Huawei accused of corporate theft
Motorola's secrets shipped to China - again?
Motorola has accused its own engineers of sending confidential documents to the founder of Huawei, and claims that the receiving company was well aware that the information was stolen.
The case, filed in Chicago, is against the Lemko Corp and originally accused five former Motorola workers of taking their secrets with them when they moved to Lemko – a company that has a reselling deal with Huawei. But the case has now been amended to accuse named engineers of sending confidential documents direct to Huawei.
Motorola is pretty explicit: "Huawei and its officers knew they were receiving stolen Motorola proprietary trade secrets and confidential information without Motorola’s authorization and consent," according to Reuters' reporting of the complaint. A sent mail was apparently recovered from the engineer's computer, with attached documents bearing the "confidential" stamp.
It's not the first time Motorola and Lemko have been at odds – back in 2008 a Motorola employee (who also seems to have been working for Lemko at the time) was picked up boarding a plane at O'Hare airport, on a one-way trip to China packing more than 1,000 Motorola documents and something in the region of $30,000 in cash too.
But it's not all one way: Lemko has accused ex-staff of taking secrets to Motorola too. Given the physical proximity of the two companies it's not surprising that engineers switch between them, but the flow does, in general, seem to be in Lemko's direction.
Reuters managed to get hold of Huawei, who pointed out that its only relationship with Lemko is that of a reseller, and that the allegations are baseless. Lemko, unsurprisingly, denies everything.
In the incestuous world of radio technologies it's hard to keep secrets from walking out of the door in the heads of engineers, and asking employees to forget all they've experienced is fanciful no matter how many confidentiality agreements they sign. But sending a competitor copies of confidential documents is another matter, and one that should be easier to prove if it's true.
Last time Huawei was accused of stealing trade secrets, by Cisco, the company dropped the routers in question and Cisco dropped the case; both sides claimed victory. But cases like this damage the image of China as a whole, bolstering the stereotypical image that China has been working hard to throw off - that of the industrious duplicator of other people's work. ®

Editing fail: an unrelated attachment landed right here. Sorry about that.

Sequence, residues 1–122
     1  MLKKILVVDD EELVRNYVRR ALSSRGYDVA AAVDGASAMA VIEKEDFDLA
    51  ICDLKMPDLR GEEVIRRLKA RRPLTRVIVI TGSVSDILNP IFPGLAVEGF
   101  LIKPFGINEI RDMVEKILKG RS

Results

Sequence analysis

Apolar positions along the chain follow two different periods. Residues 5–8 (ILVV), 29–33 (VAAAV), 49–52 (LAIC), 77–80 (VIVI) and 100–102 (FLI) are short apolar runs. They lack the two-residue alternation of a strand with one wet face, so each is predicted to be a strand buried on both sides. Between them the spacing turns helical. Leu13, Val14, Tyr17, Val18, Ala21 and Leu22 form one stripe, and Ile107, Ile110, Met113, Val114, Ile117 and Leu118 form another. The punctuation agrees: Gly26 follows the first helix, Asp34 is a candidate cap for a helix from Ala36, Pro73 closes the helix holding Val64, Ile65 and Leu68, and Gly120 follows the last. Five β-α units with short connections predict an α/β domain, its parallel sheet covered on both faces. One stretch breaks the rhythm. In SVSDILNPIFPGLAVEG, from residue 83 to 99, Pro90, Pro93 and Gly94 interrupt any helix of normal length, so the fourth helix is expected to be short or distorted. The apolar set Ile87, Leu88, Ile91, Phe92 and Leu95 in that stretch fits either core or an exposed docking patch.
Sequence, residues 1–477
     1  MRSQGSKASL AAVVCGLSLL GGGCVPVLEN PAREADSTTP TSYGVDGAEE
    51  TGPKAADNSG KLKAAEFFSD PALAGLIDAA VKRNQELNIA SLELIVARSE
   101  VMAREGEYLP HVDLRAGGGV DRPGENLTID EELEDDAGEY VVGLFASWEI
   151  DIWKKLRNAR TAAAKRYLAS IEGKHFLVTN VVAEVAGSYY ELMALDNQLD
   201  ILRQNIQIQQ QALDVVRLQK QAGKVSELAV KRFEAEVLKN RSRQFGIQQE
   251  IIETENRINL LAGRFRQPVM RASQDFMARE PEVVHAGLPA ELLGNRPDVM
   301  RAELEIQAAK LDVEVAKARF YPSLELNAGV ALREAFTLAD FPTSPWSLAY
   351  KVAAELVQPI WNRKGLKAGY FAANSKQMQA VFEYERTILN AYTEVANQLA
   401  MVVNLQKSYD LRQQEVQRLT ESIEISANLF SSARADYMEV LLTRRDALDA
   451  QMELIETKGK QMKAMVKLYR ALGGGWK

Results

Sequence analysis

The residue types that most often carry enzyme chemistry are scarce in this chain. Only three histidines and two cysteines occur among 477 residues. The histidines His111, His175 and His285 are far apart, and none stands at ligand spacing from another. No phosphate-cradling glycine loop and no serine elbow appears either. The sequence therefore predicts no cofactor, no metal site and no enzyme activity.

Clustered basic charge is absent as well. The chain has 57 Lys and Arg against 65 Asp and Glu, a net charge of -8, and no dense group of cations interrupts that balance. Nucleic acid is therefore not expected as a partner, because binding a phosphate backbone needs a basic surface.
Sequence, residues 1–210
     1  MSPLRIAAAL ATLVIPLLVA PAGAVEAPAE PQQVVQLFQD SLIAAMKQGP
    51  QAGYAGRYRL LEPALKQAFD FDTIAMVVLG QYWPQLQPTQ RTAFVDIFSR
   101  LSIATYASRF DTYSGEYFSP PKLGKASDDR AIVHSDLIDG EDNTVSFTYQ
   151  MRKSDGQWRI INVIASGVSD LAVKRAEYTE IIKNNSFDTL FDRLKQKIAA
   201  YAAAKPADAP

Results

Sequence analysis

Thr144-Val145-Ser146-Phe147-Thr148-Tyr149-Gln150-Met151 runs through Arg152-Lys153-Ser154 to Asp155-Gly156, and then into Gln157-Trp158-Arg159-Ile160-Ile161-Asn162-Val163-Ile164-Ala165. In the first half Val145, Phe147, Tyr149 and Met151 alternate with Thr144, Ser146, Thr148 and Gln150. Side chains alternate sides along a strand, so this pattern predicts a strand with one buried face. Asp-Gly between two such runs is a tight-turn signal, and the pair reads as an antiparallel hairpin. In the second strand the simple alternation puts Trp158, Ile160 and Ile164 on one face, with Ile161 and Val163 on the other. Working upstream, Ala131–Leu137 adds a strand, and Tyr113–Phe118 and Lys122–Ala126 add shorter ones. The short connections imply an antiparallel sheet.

From what I've heard
First thing new employees in a certain western-owned company over there do is give the old usb stick a whirl. Or so I've been told. Same person told me it always makes him laugh since he disconnected all usb ports, glued them shut, and removed the drivers from the OS.
China can try and show a nice face, it certainly isn't going to change its ways. That quite regardless of what caused it or whose fault it is; it's the reality and it's going to stay that way for the foreseeable future.
More likely to be the other way round these days
As I hear it, many mobile operators think that Chinese companies are no longer copying their western competitors, but have overtaken them in the technology race. If rumours are true, these companies are now rated more highly than Ericsson and NSN in terms of their capability. So much so, that the old big two are now copying the Chinese.
Undoubtedly, Chinese culture has less respect for Intellectual Property (whatever that really means), but now they must be paranoid about espionage. A friend in one Chinese company reported that all of his USB ports were controlled and encrypted, and his DVD burner had been locked down and the driver replaced with a CD ROM driver. There is also talk that online storage is inaccessible from inside the company and that every transaction is logged and analysed.
It is somewhat hypocritical, though, to only point the finger at Chinese companies when talking about industrial espionage. After all, they are only copying what western companies have been doing for years. I reckon it will take another 5 years before they'll be as competent as the US in logging all of our data.
Reminds me of a story on World Service's Business Daily recently -
The narrator asked (I paraphrase) "In three short years China has gone from newcomer to high-speed rail, to the world's biggest manufacturer. What could be to thank for this extraordinary transformation?"
To which the only answer seemed 'industrial espionage'!